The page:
Now we are at the beginning of the end of lockdown measures, it begs the questions: what have we learnt from the crisis and how will we adapt going forward?
General practice has had to adapt to new ways of working, such as boosting numbers of telephone and video appointments. In this time of substantial transition to technology-enabled and digital service delivery options, what else can be used to support the wider population?
Fortunately, one such potential adjunct to our situation has already been invented. It is time to make use of our commercially-provided digital assistants so they can bolster the national efforts of doctors, nurses and social prescribers across the country by empowering patients to better manage their health and wellbeing.
Who can digital assistants help?
Over the past 18 months, pilot projects involving over 50 patient (and carer) participants in Staffordshire have been exploring digitally assistive ways to support people of all ages and levels of ‘tech-savviness’.
The most recent cohort was focused on diabetes but prior to that, it was piloted for those living with cognitive decline, social isolation, MS, dementia and bipolar to name a few. The intervention? The now familiar talking digital assistant provided by Amazon.
The device is called an Echo Show 5, it has a touchscreen, a camera, a speaker, internet connection and Alexa - the digital assistant to speak and listen to. Of course, other devices and assistants are available, but this was our most affordable option at the time that came with a screen, an asset which we found greatly improved its overall utility.
The aim has been to enable and fact find from the ground-up, i.e. provide the device plus basic user instructions and support at installation, then let people use it and tell us what they found it helpful for.
Feedback was mainly provided by phone survey 2-3 months post-installation and in focus groups. The process was informal and benefits self-reported, but the data provide real-world stories about how the basic functions of digital assistants can be adapted to improve people’s self-management of their healthcare needs.
We are using the invaluable experience shared by our participants to guide the project’s extension.
Benefits of this approach
Perhaps unsurprisingly, one of its strongest advantages is that it is a commercial product and not a medical device. It is relatively affordable, user friendly and aesthetically pleasing, attributes not common to many medical devices. Even better, standard functions can be adapted to serve health and wellbeing needs right ‘out-of-the-box’.
The digital assistants are by no means perfect and do not work for everyone, but the large majority of our participants now say it is an indispensable part of their health routines. It is not hard to see why – reminders that work for watering the plants, work just as well for taking medication, or going to a GP appointment, especially as they alert you by phone outside of the house too.
Video calls are not only great to stay in touch with friends and family generally, but also those who need care. Being able to ask any question also widens access to internet services and importantly to health information sourced primarily from the NHS website for people without formal IT skills, or those with visual impairment.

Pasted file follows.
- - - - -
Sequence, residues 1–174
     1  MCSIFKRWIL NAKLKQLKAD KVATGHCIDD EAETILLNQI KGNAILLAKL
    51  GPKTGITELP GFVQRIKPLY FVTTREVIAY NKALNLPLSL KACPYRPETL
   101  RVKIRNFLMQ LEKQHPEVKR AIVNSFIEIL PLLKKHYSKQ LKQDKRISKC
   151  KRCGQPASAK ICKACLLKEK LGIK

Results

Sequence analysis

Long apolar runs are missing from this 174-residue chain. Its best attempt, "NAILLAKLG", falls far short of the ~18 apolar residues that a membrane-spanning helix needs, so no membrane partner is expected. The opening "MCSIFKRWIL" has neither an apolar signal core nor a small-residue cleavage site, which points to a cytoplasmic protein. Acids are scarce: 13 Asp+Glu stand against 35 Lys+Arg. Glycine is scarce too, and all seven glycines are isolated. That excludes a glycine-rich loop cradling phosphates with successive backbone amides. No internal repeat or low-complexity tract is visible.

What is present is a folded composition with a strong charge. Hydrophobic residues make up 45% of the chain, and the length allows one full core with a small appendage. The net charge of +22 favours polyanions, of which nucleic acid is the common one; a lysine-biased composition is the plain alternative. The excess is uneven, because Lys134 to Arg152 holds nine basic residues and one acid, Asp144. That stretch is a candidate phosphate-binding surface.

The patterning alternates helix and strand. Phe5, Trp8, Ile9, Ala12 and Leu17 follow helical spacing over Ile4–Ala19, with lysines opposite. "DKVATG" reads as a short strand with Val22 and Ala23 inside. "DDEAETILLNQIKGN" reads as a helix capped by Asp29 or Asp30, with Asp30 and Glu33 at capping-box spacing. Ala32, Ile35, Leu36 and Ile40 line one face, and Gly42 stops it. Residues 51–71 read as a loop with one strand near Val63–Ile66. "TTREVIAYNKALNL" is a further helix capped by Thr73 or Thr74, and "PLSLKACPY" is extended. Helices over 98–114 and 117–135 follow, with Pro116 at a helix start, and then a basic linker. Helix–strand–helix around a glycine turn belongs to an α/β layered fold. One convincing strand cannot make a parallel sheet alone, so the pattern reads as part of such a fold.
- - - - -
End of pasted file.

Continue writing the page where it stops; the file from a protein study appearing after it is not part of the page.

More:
Supporting patients in the new environment
Primary care is under pressure to find solutions to support the wider population during this pandemic. NHS England’s ‘phase two’ strategy is asking primary care to ‘lock-in’ beneficial changes such as ‘technology-enabled service delivery options’.
The next stage of our project aims to support primary care in meeting these objectives by involving social prescribers. It is already underway and will primarily help people who are isolated and/or in the ‘shielded’ category during the coming months.
In this time of social distancing, there is a way forward to improving self-care, as well as facilitating contact between family, carers and potentially engaging with healthcare providers such as a practice nurse or community carer by arrangement.
If we are to take positives from this situation, one may be that at least we have the digital means available to help people self-manage their health as traditional methods are forced to adapt. But we have to start making use of them now.
Top 5 benefits
Key benefits that digital assistants offer for primary care, straight out-of-the-box:
- Reminders for medication and healthcare appointments, even when on-the-go.
- Easy video calling for carers and patients, potentially even healthcare professionals.
- Mental health benefits for patients – company, meditation, relaxation and entertainment.
- Voice-activation widens access to digital resources like the NHS website for people lacking formal IT skills
- Boost existing technology enabled service delivery options, as per NHS England guidance.
Key cases from the projects so far
A person with early onset dementia was able to regain her lost independence, through videocalls, reminders and smartphone alerts – she no longer needs constant care visits from her parents and is able to cook and care for her young son again.
A man with bipolar condition whose improved adherence to medication through his use of reminders, meant that he could move out of supported living to his own accommodation – he no longer even requires care visits to ensure that he has taken his medication because his adherence is so reliable now.
- Dr Ruth Chambers OBE, MD, FRCGP is a retired GP and Staffordshire STP’s clinical lead for technology enabled care, digital workstream. Paul Beaney is a medical student and project evaluator